Part 1: What Happens To Your Body When You Fast? – Energy Production
Today, we Skribit. The question of the day, with 184 votes, is a very interesting one. It is:
Physiological processes during fasting
As you know, I’m a big fan of intermittent fasting, but this is an area of it that I’ve never really looked at. I’m going to break this into several posts because there’s a lot going on here and I don’t want to burden everyone with a novella. Today, we’ll look at how the body handles energy production during the fasting period, a good starting point given that, when you get down to it, an energy source and water are the only two requirements for the body to operate.
First things first, let’s define fasting. A simple timeline showing the various states of the body will be useful here (baseline is the end of the previous meal):
- Up to about 3 hours: the “fed” state
- From 3 to about 12-18 hours: the “postabsorptive” or “early fasting” state
- Up to about 2 days: the “fasting” state
- Beyond 2 days: “starvation” state or “long-term fasting”
We know what happens in the “fed” state. The body is digesting the food consumed in the previous meal, generating energy from the carbohydrates and fats ingested and depositing excess as stored glycogen and fat. Where our interest today lies is in what happens after those three or so hours of digestion and energy storage.
So let’s turn our attention to what goes on from about 3 hours post-meal onward. At a base level, the body begins digging into stored forms of energy to supply its needs. The three forms of stored energy in the mammalian body are glycogen, amino acids (protein), and adipose tissue (fat).
I’m sure I’m not surprising anyone here by noting that the body stores glycogen. Glycogen is a polysaccharide form of glucose, stored in both the liver and in the muscles. Due to the lack of the glucose-6-phosphatase enzyme, muscle glycogen is only available to the muscle in which it is stored (i.e., the biceps cannot tap into the glycogen stored in the triceps or the calves), but liver glycogen is readily available to any body cells. The brain is a prodigious consumer of glucose, gobbling up nearly 60% of the body’s blood sugar.
After digestion, the liver begins releasing its stored glycogen to the body for use in running the brain and other systems. A study in rats showed a marked decrease in liver glycogen (see Table 3) during a 24-hour fast. In fact, rats on a normal ad libitum feeding schedule showed a more than 100-fold difference in liver glycogen stores (138.4 mg vs 1.3 mg for the fasted rats). Muscle glycogen is also somewhat depleted during a fast as glucose is used to fuel daily activity. Simple 24-hour fasting, without inducement of exercise to deplete muscle glycogen, brought muscle glycogen down by about 50%.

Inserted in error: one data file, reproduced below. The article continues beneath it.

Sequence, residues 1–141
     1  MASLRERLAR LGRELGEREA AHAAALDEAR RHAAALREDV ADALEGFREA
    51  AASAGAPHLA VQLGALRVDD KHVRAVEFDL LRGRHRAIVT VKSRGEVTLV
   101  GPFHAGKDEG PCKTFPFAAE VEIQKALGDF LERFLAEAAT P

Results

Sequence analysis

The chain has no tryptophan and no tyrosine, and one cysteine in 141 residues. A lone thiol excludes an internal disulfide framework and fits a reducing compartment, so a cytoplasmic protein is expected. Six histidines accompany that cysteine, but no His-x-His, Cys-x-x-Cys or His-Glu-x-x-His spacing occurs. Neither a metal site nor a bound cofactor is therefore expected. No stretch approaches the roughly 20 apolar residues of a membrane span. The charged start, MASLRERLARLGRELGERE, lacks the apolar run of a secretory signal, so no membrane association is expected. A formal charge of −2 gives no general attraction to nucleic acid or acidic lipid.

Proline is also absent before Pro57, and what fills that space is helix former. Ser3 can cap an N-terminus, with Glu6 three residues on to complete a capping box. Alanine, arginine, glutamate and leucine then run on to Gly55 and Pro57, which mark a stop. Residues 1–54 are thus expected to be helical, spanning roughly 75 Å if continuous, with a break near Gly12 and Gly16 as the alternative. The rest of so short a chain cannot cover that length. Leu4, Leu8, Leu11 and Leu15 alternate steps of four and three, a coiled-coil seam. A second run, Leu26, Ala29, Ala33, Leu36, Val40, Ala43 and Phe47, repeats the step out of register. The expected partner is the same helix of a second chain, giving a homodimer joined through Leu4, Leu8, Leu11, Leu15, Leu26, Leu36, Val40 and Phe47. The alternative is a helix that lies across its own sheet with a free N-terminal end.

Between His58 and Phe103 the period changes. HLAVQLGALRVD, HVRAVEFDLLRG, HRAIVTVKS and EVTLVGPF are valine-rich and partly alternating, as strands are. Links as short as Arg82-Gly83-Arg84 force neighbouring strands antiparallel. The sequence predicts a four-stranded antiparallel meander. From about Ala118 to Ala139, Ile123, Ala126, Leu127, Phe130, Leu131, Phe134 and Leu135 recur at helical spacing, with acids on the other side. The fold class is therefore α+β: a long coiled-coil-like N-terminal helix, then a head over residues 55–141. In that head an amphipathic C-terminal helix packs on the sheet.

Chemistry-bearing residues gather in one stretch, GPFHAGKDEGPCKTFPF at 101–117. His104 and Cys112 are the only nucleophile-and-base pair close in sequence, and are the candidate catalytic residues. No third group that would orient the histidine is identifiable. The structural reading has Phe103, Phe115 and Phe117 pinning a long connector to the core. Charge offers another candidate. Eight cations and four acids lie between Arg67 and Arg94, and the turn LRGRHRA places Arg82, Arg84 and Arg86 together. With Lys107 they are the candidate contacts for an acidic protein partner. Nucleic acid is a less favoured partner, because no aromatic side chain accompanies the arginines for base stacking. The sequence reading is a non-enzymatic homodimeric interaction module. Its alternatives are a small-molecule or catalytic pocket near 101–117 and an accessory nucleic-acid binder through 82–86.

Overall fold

In humans, just the overnight fast of sleeping is enough to nearly deplete liver glycogen. That big brain doesn’t stop working and sucking up glucose just because you’re unconscious.
When the body runs out of glycogen in the liver to fuel the brain, it turns to amino acids. Through the process of gluconeogenesis, the liver breaks down these proteins to create glucose. Before the bodybuilders in the crowd pass out at the thought of losing a single ounce of their hard-earned muscles, the interesting thing here is that the body isn’t necessarily using muscle proteins at this stage. The liver is able to meet most of its glucose needs by recycling lactate and alanine.
Around the eighteen hour mark, when we move into the “fasting” state, muscle proteins become the chief source of amino acids to fuel gluconeogensis. The breakdown of fat stores through lipolysis (next section) also provides glycerol, which the liver converts into glucose. While I can’t find anything on this, I don’t think a bit of muscle protein breakdown is necessarily a bad thing, so long as your lifestyle is typically anabolic. I’d think that allowing the muscles to consume worn out proteins allows for better rebuilding of new muscle fibers, clearing out cellular junk. I may also be completely out in left field (Anyone have anything on this? Bueller? Bueller?).